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A beer shortage could be brewing...but why?

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Well we've had a shortage of toilet paper, baby formula but now is there a beer shortage brewing?

BAY CITY, Mich. (WJRT) - Americans have faced a shortage of toilet paper and baby formula over the past couple years.

But now, is there a beer shortage brewing? A lack of carbon dioxide could be the next supply chain issue facing the U.S.

Beer prices are up 5% this year, which is not as much as some food prices, but some beer lovers locally say they'd rather see shortages on other things.

“Toilet paper! Toilet paper! I can jump in the shower,” said Amy Chard, a Midland resident and beer lover.

She said a shortage of beer would be tough to swallow during tailgating season.

“That's scary. It is,” Chard said.

Brewers say prices for malted barley and hops, along with transportation costs, are affecting their bottom line.

Now, a shortage of carbon dioxide, which makes beer fresh and effervescent, caused from the pandemic and contamination at one of the largest reserves in the U.S. near Jackson, Miss., could cause more issues.

“It's difficult to make beer profitably at the moment even for crafters who generally are famous for charging more than our domestic partners,” said Travis Fritts, owner of Old Nation Brewing.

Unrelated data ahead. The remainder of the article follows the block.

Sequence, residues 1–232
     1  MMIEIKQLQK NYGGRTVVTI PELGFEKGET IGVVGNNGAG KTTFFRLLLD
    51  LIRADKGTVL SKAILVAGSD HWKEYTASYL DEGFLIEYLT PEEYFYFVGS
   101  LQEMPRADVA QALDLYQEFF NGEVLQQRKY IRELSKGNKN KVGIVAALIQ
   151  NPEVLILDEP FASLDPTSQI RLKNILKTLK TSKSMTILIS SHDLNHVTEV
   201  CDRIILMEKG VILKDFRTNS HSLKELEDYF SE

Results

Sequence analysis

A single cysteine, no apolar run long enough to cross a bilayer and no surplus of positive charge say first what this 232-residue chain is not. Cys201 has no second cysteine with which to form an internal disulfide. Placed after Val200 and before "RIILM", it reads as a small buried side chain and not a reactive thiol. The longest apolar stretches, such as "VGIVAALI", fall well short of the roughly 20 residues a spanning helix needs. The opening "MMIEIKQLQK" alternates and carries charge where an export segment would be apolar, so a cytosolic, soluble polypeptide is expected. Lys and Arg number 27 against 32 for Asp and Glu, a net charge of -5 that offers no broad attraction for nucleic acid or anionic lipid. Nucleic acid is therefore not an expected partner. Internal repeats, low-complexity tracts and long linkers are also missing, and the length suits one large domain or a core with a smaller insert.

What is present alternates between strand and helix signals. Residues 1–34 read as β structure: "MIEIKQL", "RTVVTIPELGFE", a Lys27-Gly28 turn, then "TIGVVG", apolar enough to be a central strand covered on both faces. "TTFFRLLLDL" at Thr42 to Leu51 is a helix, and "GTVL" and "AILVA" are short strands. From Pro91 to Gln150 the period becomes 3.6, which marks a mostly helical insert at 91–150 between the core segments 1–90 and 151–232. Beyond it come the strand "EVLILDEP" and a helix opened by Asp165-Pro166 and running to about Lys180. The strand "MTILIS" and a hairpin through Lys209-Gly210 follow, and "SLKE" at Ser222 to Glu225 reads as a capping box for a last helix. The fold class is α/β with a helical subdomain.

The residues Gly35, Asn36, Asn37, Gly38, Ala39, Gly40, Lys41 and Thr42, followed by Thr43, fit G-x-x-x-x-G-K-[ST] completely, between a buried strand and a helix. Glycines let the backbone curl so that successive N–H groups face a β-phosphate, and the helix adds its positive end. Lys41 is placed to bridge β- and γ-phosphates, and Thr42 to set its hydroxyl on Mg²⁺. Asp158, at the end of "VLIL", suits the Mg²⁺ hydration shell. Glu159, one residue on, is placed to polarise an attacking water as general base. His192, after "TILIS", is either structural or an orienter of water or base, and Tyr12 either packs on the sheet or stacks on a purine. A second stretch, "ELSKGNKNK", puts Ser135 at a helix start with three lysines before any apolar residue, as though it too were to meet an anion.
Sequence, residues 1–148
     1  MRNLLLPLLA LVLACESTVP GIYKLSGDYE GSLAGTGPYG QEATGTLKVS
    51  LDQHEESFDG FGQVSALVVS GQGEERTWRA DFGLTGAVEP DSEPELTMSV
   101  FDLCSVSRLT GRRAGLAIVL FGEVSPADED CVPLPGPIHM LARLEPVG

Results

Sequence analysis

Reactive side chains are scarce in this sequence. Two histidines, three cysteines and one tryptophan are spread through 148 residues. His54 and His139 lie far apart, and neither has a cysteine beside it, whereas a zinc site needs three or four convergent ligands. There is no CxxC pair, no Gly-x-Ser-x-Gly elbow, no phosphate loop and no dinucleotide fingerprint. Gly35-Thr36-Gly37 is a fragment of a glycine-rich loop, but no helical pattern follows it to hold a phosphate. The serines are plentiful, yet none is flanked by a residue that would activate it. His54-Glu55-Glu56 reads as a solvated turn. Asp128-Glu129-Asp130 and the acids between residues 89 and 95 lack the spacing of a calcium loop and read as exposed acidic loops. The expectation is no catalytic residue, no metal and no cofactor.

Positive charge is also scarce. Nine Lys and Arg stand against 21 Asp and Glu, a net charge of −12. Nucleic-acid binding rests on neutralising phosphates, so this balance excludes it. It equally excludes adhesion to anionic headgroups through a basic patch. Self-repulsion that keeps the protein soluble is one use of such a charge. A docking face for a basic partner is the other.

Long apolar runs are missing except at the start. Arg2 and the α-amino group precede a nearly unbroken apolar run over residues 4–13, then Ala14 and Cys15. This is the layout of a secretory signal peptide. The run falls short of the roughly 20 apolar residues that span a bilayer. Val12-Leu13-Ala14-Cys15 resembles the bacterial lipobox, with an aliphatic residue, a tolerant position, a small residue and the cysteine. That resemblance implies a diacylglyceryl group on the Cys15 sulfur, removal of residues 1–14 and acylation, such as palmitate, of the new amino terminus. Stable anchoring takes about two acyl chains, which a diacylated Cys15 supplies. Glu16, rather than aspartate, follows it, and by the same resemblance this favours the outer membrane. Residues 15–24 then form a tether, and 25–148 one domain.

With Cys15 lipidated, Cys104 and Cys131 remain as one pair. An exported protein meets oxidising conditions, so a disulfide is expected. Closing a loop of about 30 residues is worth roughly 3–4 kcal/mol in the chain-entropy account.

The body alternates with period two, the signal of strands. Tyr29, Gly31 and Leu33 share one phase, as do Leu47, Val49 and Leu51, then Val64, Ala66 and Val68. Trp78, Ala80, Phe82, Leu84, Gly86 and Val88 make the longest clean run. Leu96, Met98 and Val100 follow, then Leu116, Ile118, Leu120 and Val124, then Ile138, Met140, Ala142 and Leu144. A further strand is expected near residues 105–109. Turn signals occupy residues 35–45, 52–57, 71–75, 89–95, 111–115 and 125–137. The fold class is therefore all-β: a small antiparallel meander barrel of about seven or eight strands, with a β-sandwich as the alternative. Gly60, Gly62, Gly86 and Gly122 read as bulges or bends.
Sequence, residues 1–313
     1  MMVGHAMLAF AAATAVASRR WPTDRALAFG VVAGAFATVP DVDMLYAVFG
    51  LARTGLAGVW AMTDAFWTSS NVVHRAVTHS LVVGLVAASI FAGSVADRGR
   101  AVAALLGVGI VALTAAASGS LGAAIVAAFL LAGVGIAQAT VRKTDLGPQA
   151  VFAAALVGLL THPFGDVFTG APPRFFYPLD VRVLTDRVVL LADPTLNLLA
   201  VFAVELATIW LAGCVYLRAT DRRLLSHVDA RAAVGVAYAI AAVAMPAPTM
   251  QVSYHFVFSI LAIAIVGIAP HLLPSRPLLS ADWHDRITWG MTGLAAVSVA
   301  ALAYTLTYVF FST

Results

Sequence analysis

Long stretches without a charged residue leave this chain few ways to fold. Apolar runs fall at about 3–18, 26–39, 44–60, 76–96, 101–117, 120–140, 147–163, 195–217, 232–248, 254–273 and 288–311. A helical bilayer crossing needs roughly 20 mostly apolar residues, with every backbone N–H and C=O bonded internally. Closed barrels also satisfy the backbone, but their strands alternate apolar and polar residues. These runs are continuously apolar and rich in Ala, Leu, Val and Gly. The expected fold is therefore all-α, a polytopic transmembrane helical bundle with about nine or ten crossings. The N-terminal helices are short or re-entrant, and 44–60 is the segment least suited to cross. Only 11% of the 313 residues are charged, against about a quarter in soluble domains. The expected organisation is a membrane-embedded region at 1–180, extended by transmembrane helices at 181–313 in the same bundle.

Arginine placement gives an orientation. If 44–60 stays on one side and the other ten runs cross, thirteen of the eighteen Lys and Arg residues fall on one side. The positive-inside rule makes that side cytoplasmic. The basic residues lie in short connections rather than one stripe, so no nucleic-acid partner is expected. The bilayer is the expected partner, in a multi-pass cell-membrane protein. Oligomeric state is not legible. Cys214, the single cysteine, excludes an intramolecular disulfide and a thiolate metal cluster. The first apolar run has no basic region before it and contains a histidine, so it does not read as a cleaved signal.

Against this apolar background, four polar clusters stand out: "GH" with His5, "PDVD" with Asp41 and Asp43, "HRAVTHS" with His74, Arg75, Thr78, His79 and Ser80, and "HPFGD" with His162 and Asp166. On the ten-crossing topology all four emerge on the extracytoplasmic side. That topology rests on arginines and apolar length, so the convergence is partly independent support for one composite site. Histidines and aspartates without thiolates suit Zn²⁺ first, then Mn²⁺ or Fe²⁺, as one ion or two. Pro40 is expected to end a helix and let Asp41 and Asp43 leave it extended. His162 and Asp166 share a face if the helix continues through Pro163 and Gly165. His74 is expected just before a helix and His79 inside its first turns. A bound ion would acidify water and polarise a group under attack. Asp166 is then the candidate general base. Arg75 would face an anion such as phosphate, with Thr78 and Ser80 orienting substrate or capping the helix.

Add to that a spike in demand for aluminum cans, it could create another storm.

“Recessions, the pandemic, aluminum shortages, glass shortages and now this CO-2 potential shortage. We'll handle it when it happens if it does and we'll do it fairly,” said Spencer Nevins, president of Michigan Beer and Wine Wholesalers Association.

He said that could come in the form of Michigan House Bill 6105. So if there is pinch in adult beverages, the hope is it can be mitigated. It will require that everyone uses commercially reasonable efforts to meet the ordering demands of their customers.

While that makes way through Lansing, beer lovers are thinking about alternative plans.

“I'd start making my own, if I could,” Chard said.

Experts say if the current trend doesn't result in complete shortages, it could mean less variety.

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